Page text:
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By Mike Reistetter

Fresh off a good old-fashioned public roasting on Comedy Central, the rejuvenated ego of a once disgraced, and recently displaced, A-Lister has found himself fueling offers from some of Hollywood’s finest. But it was the soothing voice of the latest artistic renaissance that spoke loudest to Rob Lowe.

It was announced this Saturday, not a week after the previously taped Comedy Central Roast of Lowe aired on Sept. 4, he would reprise his role as “Number 2,” Dr. Evil’s right-hand man in the Austin Powers spy spoof film series (1997-2002). The spinoff, a dramatic mockumentary biopic of sorts, is surprisingly to be helmed by esteemed Mexican filmmaker Alejandro G. Iñárritu.

“I see in this man, a bit of myself—the constant battle between satisfying the public, and obsession with defying the natural order, to truly achieve magnificence through a distributable lens,” said Iñárritu, winner of consecutive Best Director honors at the past two Academy Awards. “If I don’t tell this man’s story by breathing new life into one of his most iconic caricatures, who the Penn will?”

Some of the distinguished roasters from last Sunday’s special have disregarded the announcement as the former West Wing actor’s last-ditch effort to add upon an already complete legacy.

“Rob Lowe was as roastable as the beef between Mike Myers and Dr. Seuss’ estate,” said annual roaster and SNL performer, the youthful Pete Davidson.

The film, titled Number 2 or (What Hurts The Roast is Impotence) has been labeled a spiritual sequel to both of Iñárritu’s trophy children, Birdman or (The Unexpected Virtue of Ignorance) and The Revenant. It will feature an older, bearded Number 2 in a Forrest Gumpian retelling of his backstory as the vice in-command for one of the more ruthless leaders in history. Juxtaposed, will be an arc carried by a Kubrickian journey of self-discovery for the modern day Number 2. He sets out to locate the mysterious “Trebor Ewol,” a performer overseas who revealed to the press Number 2’s life was nothing but an elaborate hoax that he (Ewol) originally created as a character outline for an independent film script he once wrote.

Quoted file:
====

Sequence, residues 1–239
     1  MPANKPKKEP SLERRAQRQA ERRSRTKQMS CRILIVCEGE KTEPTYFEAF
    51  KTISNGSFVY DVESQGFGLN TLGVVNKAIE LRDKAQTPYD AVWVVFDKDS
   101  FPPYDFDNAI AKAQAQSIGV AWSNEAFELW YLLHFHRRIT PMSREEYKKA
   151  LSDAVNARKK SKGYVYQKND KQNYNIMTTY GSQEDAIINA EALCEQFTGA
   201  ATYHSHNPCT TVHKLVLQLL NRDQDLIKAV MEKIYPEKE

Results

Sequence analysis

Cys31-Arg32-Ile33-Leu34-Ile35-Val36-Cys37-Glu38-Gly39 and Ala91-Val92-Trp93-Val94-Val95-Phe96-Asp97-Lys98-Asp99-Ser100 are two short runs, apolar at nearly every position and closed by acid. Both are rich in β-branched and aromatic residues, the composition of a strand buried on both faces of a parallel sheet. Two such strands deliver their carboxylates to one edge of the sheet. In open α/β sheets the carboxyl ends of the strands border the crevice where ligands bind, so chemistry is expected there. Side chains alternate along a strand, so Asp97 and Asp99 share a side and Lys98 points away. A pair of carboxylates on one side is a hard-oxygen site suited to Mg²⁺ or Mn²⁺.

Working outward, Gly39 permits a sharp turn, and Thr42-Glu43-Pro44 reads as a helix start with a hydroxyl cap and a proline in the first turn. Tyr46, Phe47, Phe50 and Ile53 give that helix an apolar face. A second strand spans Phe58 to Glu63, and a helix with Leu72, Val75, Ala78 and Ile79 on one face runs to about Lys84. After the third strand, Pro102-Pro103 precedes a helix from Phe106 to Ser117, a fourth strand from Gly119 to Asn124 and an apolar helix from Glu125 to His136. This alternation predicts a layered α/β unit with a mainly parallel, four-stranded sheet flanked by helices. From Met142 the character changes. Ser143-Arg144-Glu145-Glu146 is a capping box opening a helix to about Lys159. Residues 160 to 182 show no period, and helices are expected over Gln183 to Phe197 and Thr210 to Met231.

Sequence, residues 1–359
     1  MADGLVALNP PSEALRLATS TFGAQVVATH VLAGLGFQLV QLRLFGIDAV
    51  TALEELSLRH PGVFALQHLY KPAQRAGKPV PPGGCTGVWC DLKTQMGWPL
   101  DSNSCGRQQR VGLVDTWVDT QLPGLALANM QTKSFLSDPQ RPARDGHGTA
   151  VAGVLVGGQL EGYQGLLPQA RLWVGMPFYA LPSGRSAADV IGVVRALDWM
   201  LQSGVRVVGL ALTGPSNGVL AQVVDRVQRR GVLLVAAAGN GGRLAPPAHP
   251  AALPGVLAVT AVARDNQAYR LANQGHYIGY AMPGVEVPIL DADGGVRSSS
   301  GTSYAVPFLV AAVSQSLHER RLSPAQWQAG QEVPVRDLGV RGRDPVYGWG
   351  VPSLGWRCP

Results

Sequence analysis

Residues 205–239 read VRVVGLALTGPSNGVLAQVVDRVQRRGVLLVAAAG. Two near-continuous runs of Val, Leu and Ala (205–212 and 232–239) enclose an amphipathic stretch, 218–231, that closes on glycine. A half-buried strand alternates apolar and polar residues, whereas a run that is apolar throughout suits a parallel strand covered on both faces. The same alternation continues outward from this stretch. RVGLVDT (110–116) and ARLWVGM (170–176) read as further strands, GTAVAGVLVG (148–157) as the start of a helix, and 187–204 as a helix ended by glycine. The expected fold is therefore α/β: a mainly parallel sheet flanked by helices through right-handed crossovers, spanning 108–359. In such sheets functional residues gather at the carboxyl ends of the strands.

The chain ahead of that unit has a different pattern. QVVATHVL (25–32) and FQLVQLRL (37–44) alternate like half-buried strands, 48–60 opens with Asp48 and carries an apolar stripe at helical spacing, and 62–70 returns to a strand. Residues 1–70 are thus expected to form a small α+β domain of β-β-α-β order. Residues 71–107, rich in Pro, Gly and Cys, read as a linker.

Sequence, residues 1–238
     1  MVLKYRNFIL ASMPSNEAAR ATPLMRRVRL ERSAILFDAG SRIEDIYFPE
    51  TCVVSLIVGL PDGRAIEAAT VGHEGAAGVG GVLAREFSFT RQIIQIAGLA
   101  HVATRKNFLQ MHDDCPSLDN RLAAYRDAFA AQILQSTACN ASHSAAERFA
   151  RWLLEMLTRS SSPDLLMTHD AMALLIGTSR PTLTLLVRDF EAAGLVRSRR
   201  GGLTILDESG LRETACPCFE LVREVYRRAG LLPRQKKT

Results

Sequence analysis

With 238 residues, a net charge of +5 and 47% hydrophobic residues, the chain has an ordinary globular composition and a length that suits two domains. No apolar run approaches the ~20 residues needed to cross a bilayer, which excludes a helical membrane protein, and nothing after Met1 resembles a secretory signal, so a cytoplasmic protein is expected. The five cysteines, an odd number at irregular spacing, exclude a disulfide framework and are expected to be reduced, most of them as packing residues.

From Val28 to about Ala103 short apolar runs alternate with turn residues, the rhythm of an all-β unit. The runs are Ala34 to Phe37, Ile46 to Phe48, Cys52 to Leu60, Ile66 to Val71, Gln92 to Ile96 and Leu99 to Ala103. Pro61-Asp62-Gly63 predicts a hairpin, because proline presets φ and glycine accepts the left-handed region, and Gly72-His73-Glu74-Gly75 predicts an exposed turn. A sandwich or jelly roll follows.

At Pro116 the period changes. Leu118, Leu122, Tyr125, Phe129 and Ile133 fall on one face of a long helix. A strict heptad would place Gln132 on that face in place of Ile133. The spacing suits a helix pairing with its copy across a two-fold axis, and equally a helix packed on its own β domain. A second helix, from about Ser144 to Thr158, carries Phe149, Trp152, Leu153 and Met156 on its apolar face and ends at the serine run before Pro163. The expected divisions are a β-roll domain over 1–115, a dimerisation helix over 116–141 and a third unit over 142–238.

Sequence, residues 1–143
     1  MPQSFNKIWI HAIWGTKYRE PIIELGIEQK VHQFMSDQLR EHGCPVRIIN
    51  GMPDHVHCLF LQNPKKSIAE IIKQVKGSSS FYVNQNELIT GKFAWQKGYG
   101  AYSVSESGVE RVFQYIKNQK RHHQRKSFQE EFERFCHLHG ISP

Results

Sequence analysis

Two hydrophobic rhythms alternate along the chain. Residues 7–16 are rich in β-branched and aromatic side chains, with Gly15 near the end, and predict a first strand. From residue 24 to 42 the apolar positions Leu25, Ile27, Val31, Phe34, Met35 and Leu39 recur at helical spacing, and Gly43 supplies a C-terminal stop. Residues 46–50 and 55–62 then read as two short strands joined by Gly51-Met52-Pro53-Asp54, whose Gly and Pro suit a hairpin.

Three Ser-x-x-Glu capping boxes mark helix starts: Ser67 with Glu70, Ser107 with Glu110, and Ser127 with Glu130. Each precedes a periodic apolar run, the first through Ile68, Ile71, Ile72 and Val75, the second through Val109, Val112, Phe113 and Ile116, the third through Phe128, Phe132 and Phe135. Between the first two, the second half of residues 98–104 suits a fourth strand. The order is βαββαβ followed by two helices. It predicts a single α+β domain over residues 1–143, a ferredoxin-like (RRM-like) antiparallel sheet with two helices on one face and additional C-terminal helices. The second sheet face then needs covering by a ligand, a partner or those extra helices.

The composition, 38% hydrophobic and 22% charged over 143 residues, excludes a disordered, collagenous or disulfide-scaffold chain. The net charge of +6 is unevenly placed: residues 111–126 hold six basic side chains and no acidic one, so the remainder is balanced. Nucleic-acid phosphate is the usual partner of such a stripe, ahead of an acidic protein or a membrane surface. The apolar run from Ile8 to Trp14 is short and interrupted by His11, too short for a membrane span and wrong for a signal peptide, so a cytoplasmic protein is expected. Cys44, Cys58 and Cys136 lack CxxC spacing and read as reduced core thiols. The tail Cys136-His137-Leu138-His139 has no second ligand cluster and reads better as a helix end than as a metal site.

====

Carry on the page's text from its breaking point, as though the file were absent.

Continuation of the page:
“The parallels with Manbird Mania (Birdman) are uncanny,” said indebted Iñárritu leading man Leonardo DiCaprio. “But the crux of this story, I have been told by Al (Iñárritu) will be aligned with Lowe’s internal struggles with himself, in the vein of my film with Al, The Revenant. But on a more massive scale, with an open-ended budget, and production values up the wazoo. (I’m) talkin’ mountain climbing with prosthetic limbs, crowd surfing across an actual cactus field, and speaking even less English than a singulinguist like me did to win my first Oscar.”

When asked if he would like to give Lowe advice on working with Iñárritu, DiCaprio smirked, letting out a quick laugh before becoming a bit more serious than anticipated, warning Lowe to “prepare to be treated like a punching bag, except the punches (will all be in) in your head.” DiCaprio then pulled our reporter in closer to him, before scanning to see if there were people “watching” him, finally whispering in his ear, “make sure you pee before you arrive on-set.”

Another leading man, Michael Keaton, was pressed via ambush interview during his promotional tour for his new film, The Founder about whether he wanted to give Lowe some advice. All he had to offer was a simple “get out of my way” before handing our reporter a McDonald’s cheeseburger, asking him to stick it in an unpleasant place (his mouth).

Lowe tackling this ambitious, “meta” collaboration with Iñárritu is not the first time he has indulged himself with self-aware media. The first foreign entertainer to bring Lowe “back from the dead” was funnyman Mike Myers, both in Wayne’s World (1993) and then again for the Austin Powers trilogy.

“I was there for him when he was not even there for himself,” said Myers. “I can never not lend a friend a hand.”

Myers is also attached to the project in an unspecified role, but most speculate it will be in absent voiceover form, potentially as the narrator.

“He (Myers) barely even has a face for radio now,” said published author and polarizing right-wing conservative Ann Coulter. “We asked him to do the audio for my new book In Trump We Trust and he just did a half-hearted Shrek (voice) the whole time. I think another one of his friends needs to drop dead before he can become inspired again. Does anyone remember who he had play Dr. Evil?”

The desperate-but-still-cool-under-pressure Lowe is ready to become both the mover and shaker The Academy will be looking for come next Oscar season. The film is due out on June 31, as Iñárritu is challenging himself with a rushed production schedule to accommodate Lowe’s demands for filming to not conflict with his “necessary summer vacation.”

“A man with a plan is the man with a tan,” said Lowe, via an interpreter, as he has already begun preparing for his role by unlearning the entirety of the English Language. “Just ask the man (mwah) who convinced his director not to title our joint passion project, “The (Ear)Relevant.”